The court viewed some of the Agency's arguments as "speculative" and "red herrings." The court thus refused to infer "that Steve is a drug user" and refused to consider Sara's "lack of housing as detriment." The court made no mention of the social worker's testimony that Sara had said she intended to continue smoking marijuana; Sara's Facebook page included old photographs related to substance abuse; and her excused absences for approximately one-quarter of the classes in her treatment program allowed her to avoid substance abuse tests. In making its detriment finding, the court expressly declined to consider Connor's reaction to overnight visits, noting Connor was "a victim . . . of a family that is not quite getting along . . . ."

After the court made its findings and orders, Sara's counsel requested an order for "family counseling," apparently to address the conflict between Sara and Amy. Counsel also requested conjoint therapy for Sara and Connor. Counsel cited no authority for the requests, but claimed these services would be in Connor's best interests. The court denied the requests.

Sara petitioned for review of the court's orders. (§ 366.26, subd. (l); Cal. Rules of Court, rule 8.452.) This court issued an order to show cause, the Agency responded and the parties waived oral argument.



Sara contends the Agency failed to prove there would be a substantial risk of detriment to Connor if he were returned to her custody, and therefore the court erred by refusing to order his return. Sara claims she participated regularly and made substantive progress in reunification services and her unsupervised visits were regular, appropriate and loving. She concludes the court should have returned Connor to her, with family maintenance services if necessary.

Sara also asserts that in criticizing her for relapsing nine months before the hearing, the court said "a certain amount of perfection is expected of parents in dependency proceedings." In context, the court stated: "[W]e went to the 18-month date, but . . . my impression was [Sara] had a lot to do . . . , and that a certain amount of perfection is going to be required, and I know we are not looking for perfect parents, but sometimes we need perfect participation because this is a time sensitive [case]." The court did not, as Sara suggests, expect her to be a perfect parent.


At the 18-month review hearing, "[t]he court shall order the return of the child to the physical custody of his or her parent . . . unless the [Agency proves], by a preponderance of the evidence, that the return . . . would create a substantial risk of detriment to the safety, protection, or physical or emotional well-being of the child. . . . The failure of the parent . . . to participate regularly and make substantive progress in court-ordered treatment programs shall be prima facie evidence that return would be detrimental. In making its determination, the court shall . . . consider the efforts or progress, or both, demonstrated by the parent . . . and the extent to which he or she availed himself or herself of services provided . . . ." (§ 366.22, subd. (a).) "[W]hile the court must consider the extent the parent has cooperated with the services provided and the efforts the parent has made to correct the problems which gave rise to the dependency [citation], the decision whether to return the child to parental custody depends on the effect that action would have on the physical or emotional well-being of the child." (In re Joseph B. (1996) 42 Cal.App.4th 890, 899.) The showing of detriment is not restricted "to the type of harm which necessitated dependency intervention." (Ibid.)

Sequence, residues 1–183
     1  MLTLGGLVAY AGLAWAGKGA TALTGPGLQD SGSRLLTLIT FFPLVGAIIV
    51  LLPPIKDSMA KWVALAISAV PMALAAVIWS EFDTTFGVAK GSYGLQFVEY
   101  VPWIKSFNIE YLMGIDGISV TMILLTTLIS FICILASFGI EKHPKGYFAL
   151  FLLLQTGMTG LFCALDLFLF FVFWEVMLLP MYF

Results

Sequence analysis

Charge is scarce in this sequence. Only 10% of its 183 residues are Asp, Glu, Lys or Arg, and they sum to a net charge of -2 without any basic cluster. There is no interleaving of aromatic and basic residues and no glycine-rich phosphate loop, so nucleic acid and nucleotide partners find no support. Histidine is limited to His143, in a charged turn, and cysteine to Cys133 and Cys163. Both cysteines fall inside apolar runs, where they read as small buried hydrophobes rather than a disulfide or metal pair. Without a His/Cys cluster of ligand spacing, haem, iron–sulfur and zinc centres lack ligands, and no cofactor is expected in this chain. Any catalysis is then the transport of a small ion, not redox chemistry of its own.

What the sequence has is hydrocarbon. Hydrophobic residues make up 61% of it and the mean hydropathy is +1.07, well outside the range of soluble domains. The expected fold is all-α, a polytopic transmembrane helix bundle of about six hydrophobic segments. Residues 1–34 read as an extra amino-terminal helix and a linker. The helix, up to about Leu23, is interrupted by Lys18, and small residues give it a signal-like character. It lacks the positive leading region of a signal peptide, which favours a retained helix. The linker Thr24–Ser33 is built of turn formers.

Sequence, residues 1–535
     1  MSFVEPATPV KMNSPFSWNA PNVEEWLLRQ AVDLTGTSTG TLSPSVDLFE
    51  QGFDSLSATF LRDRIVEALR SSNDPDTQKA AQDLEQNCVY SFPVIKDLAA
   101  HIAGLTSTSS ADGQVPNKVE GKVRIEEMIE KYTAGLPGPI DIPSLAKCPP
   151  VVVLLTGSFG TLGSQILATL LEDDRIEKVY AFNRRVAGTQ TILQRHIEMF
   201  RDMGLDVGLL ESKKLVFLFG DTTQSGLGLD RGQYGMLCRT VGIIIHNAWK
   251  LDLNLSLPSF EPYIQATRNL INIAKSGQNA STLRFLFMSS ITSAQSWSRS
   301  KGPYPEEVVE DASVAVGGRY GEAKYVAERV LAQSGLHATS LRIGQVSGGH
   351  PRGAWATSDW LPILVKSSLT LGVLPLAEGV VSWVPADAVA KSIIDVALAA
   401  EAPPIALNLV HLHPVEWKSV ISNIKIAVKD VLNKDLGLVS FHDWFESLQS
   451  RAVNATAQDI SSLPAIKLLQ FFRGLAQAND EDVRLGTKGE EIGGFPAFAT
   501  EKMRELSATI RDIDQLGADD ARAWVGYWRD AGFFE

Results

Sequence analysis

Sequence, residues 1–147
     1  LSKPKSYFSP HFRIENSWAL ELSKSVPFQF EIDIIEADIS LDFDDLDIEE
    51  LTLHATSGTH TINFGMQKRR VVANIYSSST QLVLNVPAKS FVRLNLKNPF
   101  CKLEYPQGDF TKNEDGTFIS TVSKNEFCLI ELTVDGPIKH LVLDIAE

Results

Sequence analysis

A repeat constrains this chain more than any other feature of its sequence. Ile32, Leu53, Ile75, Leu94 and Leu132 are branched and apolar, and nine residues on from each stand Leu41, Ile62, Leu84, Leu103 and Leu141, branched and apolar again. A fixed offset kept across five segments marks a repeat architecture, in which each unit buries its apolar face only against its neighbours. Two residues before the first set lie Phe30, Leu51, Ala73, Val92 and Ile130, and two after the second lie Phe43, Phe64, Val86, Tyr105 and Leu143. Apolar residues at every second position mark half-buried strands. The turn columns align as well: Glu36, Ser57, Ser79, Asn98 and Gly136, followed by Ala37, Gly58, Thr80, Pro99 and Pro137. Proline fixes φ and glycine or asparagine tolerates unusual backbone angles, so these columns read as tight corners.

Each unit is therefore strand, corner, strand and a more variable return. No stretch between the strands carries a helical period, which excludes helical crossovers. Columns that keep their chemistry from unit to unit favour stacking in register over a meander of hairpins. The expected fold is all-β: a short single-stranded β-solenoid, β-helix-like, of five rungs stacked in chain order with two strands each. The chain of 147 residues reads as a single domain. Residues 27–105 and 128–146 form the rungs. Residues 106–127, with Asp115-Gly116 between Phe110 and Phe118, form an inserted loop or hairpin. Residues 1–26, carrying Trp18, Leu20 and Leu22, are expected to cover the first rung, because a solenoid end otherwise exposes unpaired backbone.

On appeal, we apply the substantial evidence standard of review, and view the record in the light most favorable to the court's order. (See In re Luke M. (2003) 107 Cal.App.4th 1412, 1426.) We give " 'full effect to the respondent's evidence, however slight, and [disregard] the appellant's evidence, however strong.' " (Sheila S. v. Superior Court (2000) 84 Cal.App.4th 872, 881, quoted in In re Mark L. (2001) 94 Cal.App.4th 573, 580-581.) "We do not reweigh the evidence, evaluate the credibility of witnesses, or resolve evidentiary conflicts." (In re Dakota H. (2005) 132 Cal.App.4th 212, 228.) "The judgment will be upheld if it is supported by substantial evidence, even though substantial evidence to the contrary also exists and the trial court might have reached a different result had it believed other evidence." (Ibid.)


During Sara's 18-year history of substance abuse, she participated in four treatment programs. At the time of the hearing, she had been sober for slightly more than eight months, a far shorter period than the previous four years of sobriety she claimed. She had progressed in her drug treatment program, but her tenure of approximately nine months was three months shy of the duration of a typical program. She planned to live with her uncle, who used needles, one of her triggers, and had only begun to look for work, although financial stress was another trigger. She had completed a parenting course and individual therapy.

While Sara had made some progress in services, she continued to demonstrate a lack of concern for Connor's physical and emotional well-being. Rather than seeking to alleviate his anxiety regarding visitation, she coached him to say he wanted overnight visits and told him he was going to live with her. Sara showed little interest in Connor's schoolwork, and planned to send him to a new school against his teacher's advice. Sara had made little effort to learn about Connor's asthma. In short, she had not created a safe, secure and stable environment for him. There is thus substantial evidence to support the court's finding that a return to Sara's custody would be detrimental Connor, and the court did not err by declining to order a return.